The Stanley Cup Finals.
The defining moment in the hockey world each year.
And once again, a team from the hockey country will not be featured. That's right folks, no Canadian team.
It will be the perennial winners from Hockeytown against the upstart youngsters in Steel City.
A team of proven players against the first team that has people thinking "Dynasty" since the 80s. Will they start that dynasty this year?
Before I continue, I will state outright that I am a diehard Pens fan. I grew up in Pittsburgh during the Lemieux era when they won back-to-back cups. That being said, I will try to keep this as unbiased as I can.
Can the Penguins match up?
Let's look at some specific match-ups.
Now, whether or not Babcock and Therrien have these match-ups in mind is up in the air, but this is more of a question of who steps up to the plate.
Sidney Crosby v. Pavel Datsuyk
Oddly enough, you can put one of several players on both teams pitted against either of these guys, but they are the playmakers for their team.
Crosby has been fantastic since returning from his injury, setting up his fellow teammates every chance he gets while leading the league in points during the playoffs.
Datsuyk, on the other hand, has been an all-around better player. He is in the top five in most statistics this post-season.
Both have led their respective teams toward this goal and both deserve most of the recognition.
Henrik Zetterberg v. Evgeni Malkin
Arguably, along with Crosby and Datsuyk, these are the four best players we'll get to see in the series.
Had Zetterberg not slowed a bit and been hampered by injury, he may have challenged Malkin and Ovechkin for the league points title. Still he has been a force for the Wings, giving them a go-to, clutch performer when they need it most.
However, the bigger story here is Malkin. In the shadow of Sidney Crosby, Malkin shined as a complete player, but maybe not what Pittsburgh expected when they drafted him. That all changed when Crosby went down with his injury. Malkin became the Pen's saving grace, guiding them to a division crown, playoff spot, and fantastic post-All-Star break record—not to mention, he's up for a number of awards, including the Hart Trophy.
Nicklas Lidstrom v. Sergei Gonchar
Between these two guys, there is really not much to say. They both have about the same experience, both in the league and the playoffs, with the edge going to Lidstrom. But quite frankly, Lidstrom is a more complete and experienced player. He has the Norris Trophies to back it up.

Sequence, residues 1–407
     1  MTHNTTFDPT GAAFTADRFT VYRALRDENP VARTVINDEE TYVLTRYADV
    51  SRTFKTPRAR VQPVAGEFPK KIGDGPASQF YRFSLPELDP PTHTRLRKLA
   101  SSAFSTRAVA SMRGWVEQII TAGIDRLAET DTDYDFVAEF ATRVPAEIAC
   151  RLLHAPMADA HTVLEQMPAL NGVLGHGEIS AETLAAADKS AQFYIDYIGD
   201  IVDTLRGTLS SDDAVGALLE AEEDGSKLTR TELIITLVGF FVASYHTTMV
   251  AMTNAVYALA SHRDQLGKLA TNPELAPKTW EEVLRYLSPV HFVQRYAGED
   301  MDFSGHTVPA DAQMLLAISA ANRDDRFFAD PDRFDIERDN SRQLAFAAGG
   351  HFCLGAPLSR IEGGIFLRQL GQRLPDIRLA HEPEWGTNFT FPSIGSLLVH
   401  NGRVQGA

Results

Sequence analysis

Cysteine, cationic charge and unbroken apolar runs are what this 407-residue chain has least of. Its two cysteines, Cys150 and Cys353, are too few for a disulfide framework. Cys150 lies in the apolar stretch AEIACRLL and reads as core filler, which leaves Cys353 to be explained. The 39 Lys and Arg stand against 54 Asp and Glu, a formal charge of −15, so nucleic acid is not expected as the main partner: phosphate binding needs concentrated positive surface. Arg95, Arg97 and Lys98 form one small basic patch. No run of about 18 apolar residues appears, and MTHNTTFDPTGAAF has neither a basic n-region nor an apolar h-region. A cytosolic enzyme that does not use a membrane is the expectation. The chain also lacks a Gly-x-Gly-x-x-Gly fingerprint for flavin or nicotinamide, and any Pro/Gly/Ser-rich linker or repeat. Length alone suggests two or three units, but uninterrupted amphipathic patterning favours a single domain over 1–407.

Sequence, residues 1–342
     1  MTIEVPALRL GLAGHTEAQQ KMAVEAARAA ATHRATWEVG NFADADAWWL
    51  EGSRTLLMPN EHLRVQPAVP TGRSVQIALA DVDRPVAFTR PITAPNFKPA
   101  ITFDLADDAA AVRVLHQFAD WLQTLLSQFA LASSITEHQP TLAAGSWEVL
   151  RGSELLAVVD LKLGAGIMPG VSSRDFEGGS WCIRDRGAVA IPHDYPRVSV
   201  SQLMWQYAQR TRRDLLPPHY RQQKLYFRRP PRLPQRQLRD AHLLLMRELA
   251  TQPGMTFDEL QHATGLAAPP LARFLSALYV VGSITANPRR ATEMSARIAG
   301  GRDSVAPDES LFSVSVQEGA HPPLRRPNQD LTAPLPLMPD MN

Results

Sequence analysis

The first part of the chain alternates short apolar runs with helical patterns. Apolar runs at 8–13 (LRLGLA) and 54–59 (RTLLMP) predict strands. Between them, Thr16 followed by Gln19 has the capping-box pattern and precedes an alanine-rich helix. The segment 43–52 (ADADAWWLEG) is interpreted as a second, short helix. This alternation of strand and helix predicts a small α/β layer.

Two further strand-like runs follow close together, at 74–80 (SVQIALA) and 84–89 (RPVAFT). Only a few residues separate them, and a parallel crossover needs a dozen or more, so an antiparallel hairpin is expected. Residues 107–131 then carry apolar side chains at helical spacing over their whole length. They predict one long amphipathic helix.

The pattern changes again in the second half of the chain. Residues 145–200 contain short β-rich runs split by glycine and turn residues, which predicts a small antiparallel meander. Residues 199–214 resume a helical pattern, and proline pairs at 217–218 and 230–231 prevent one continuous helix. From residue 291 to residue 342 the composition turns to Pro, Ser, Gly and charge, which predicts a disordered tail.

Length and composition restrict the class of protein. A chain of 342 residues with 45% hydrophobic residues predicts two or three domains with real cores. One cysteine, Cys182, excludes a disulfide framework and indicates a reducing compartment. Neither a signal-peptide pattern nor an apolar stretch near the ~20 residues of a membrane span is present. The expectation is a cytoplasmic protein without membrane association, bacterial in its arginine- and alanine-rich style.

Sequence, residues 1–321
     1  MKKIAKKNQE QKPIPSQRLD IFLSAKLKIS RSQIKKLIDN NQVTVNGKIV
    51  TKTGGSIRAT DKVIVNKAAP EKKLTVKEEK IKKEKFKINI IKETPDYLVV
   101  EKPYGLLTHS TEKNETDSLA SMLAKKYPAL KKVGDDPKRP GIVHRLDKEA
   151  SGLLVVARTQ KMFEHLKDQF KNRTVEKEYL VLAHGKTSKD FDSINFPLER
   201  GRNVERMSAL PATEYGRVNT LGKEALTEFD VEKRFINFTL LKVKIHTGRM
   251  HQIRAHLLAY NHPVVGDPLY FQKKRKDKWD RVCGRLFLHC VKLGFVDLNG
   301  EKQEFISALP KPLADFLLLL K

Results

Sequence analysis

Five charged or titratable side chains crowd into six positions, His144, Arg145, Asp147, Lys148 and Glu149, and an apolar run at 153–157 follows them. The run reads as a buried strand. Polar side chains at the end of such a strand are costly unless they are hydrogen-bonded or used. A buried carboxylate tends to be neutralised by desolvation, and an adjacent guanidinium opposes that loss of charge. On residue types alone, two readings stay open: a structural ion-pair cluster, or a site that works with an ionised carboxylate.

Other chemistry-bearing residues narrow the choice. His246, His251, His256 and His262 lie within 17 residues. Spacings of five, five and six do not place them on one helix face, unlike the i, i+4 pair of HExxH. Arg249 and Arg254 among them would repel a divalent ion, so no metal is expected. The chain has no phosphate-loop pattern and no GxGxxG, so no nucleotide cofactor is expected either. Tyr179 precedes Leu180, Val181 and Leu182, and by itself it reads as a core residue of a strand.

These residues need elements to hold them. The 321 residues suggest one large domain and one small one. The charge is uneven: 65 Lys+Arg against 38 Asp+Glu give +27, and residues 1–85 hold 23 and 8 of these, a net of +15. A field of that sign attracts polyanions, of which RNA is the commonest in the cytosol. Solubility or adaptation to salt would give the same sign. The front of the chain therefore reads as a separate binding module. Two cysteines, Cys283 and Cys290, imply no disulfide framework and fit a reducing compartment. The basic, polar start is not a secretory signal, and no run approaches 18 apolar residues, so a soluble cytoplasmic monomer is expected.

Edge: RED WINGS
Marian Hossa v. Johan Franzen
The trade deadline blockbuster against the hottest player in the playoffs.
Where to go?
Got to give Hossa the edge in this one.
Many of Franzen's goals have resulted in him being in the right place at the right time rather than on skill.
Hossa has defeated his biggest obstacle of being the choke artist in the playoffs. He has played as well as Crosby and Malkin.
Franzen is a great player in his own right, but Hossa has just been that much better.
Dominic Hasek/Chris Osgood v. Marc-Andre Fleury
This is possibly the most interesting angle of this series.
If you want to ride the hot hand, you go with Fleury. He's only had 2 bad games, and they really weren't all that bad. He just didn't have his typical scoring support.
But, in the end, in the playoffs, experience is the biggest definition for a netminder.
And the Wings have not one, but two of the best clutch playoff performers of the last decade (Giguere being No. 1). Nothing beats experience for the playoffs, and the Wings have it.
Edge: RED WINGS
In the end, you have to give the edge to the Red Wings. The experience and depth is something that the Penguins simply lack. Unless Crosby, Malkin, and Fleury all get red hot throughout the series, it will fall just short.
WINGS IN SEVEN.
For the record, I will be rooting for the Pens the entire way through. They are a great team and will take it to the Red Wings more than any other team.
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